This glossary of terms will help you understand the technical language used for wills.

Administrators Those appointed to administer an estate where there is no Will or executor.

Beneficiary An individual or organisation who receives a gift in a Will.

Bequest A gift in a Will.

Chattels Personal property including furniture, furnishings, moveable goods and car.

Clauses Sections in your Will that deal with different aspects of your estate and add up to ensure your wishes are honoured.

Codicil A separate legally binding document making a change or addition to your existing Will. 

Conditional bequest A gift that will only take effect if a certain event occurs.

Estate The total value of all an individual’s assets at the time of their death, including possessions, property and money.

Executor One or more people nominated by the Will maker to take charge of their affairs following their death. This can be a solicitor, trust, branch of a bank or personal contact. 

Grant of probate A court document confirming the authority of an executor to administer the estate.

Inheritance tax The government sets the Inheritance Tax threshold for the year and any estate with a value over this amount is subject to tax. Reducing the estate value with a donation to charity can reduce Inheritance Tax.

Intestate When someone dies without having made a Will or where their Will fails to dispose of all of their estate. The administration of the estate is then governed by the provisions of the Administration of Estates Act 1925. 

Legacy A gift left to a person or organisation in a Will. 

Legator(male)/Legatrix(female) A person who has died and left a gift in their Will

Life interest A two stage legacy, where the first beneficiary is given the use of an asset (e.g. a house) during their lifetime. After their death, the asset passes to the second beneficiary.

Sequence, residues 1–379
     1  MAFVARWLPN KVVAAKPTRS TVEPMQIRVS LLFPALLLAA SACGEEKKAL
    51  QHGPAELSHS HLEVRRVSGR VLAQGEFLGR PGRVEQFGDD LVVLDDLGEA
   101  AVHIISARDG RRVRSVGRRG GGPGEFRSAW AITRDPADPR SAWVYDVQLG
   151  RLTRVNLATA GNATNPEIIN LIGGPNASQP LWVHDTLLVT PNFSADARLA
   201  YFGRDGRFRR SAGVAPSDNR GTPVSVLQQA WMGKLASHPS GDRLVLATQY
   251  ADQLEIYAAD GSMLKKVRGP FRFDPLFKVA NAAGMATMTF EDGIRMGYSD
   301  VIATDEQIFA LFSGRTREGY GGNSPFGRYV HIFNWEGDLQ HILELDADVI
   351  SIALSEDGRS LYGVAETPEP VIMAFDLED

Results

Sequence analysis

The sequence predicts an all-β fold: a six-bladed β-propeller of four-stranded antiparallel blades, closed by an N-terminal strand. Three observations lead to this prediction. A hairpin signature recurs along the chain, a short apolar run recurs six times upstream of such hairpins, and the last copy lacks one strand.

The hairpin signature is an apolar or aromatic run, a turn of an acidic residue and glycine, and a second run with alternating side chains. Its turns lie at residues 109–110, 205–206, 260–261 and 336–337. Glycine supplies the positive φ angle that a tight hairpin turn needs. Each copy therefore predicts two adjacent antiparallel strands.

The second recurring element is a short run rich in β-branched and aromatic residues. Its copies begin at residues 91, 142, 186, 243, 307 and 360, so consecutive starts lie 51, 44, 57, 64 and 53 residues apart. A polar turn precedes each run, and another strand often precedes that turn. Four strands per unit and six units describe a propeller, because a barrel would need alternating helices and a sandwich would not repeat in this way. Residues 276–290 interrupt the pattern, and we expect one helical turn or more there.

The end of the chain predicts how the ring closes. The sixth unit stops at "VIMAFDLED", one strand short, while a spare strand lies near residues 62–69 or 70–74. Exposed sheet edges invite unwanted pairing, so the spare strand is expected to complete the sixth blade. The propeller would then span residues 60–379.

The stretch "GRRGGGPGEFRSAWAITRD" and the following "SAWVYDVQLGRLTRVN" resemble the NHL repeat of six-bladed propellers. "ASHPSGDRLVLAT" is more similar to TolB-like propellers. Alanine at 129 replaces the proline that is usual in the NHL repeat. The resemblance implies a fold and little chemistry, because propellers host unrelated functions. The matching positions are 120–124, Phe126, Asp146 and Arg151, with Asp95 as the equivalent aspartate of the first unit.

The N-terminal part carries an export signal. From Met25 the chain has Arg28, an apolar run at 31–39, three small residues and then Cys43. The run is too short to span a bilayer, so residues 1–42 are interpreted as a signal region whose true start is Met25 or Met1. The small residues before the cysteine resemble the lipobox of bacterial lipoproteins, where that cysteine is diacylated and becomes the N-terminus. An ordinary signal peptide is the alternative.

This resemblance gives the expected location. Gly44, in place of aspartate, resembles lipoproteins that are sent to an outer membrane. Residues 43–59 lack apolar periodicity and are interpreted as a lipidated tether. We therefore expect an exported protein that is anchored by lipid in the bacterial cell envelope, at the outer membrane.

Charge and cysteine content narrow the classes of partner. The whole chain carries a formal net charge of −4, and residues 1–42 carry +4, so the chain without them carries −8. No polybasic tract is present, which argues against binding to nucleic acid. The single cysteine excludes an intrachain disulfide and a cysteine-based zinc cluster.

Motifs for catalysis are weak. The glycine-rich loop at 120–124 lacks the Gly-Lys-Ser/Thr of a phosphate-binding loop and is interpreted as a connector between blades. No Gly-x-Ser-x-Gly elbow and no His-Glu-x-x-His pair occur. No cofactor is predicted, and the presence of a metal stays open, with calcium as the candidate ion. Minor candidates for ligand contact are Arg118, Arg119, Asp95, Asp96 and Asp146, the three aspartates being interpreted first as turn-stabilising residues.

Mirror Wills Mirror Wills are identical except that each leaves the same gifts to the other, and each names the other as executor. They are made in the same terms each to benefit the other, with or without other gifts and provisions. Either party can change their mind at any time and make a different Will. 

Pecuniary Legacy The gift of a specified sum of money. 

Power of attorney A legal document which authorises one or more people to handle another person's financial affairs (including property, shares, money, etc.), either generally or in relation to specific items.

Probate The legal procedure by which your executor is given the authority to administer your estate. The remainder of an estate after the deduction of tax, debts, specific gifts, pecuniary legacies and the expenses of administration are resolved and your property, cash, etc., is distributed to those outlined in your Will. 

Probate Registry Court office dealing with the right to administer the estate.

Residue The sum left from an estate when all debts, charges and pecuniary gifts are deducted.

Residuary Legacy The whole residue, or a percentage share of the residue, can be left as a gift. This is a particularly popular way to leave a gift to a charity. 

Specific Legacy A gift of a particular item, e.g. a piece of jewellery or furniture. 

Testator(male)/Testatrix (female) The person making the Will. 

Trustee An individual appointed to look after any part of your estate for the benefit of others.

Will A legally binding document giving instructions about what to do with a person’s estate when they die. 

Witness Someone who signs your Will in your presence, who must not be a beneficiary.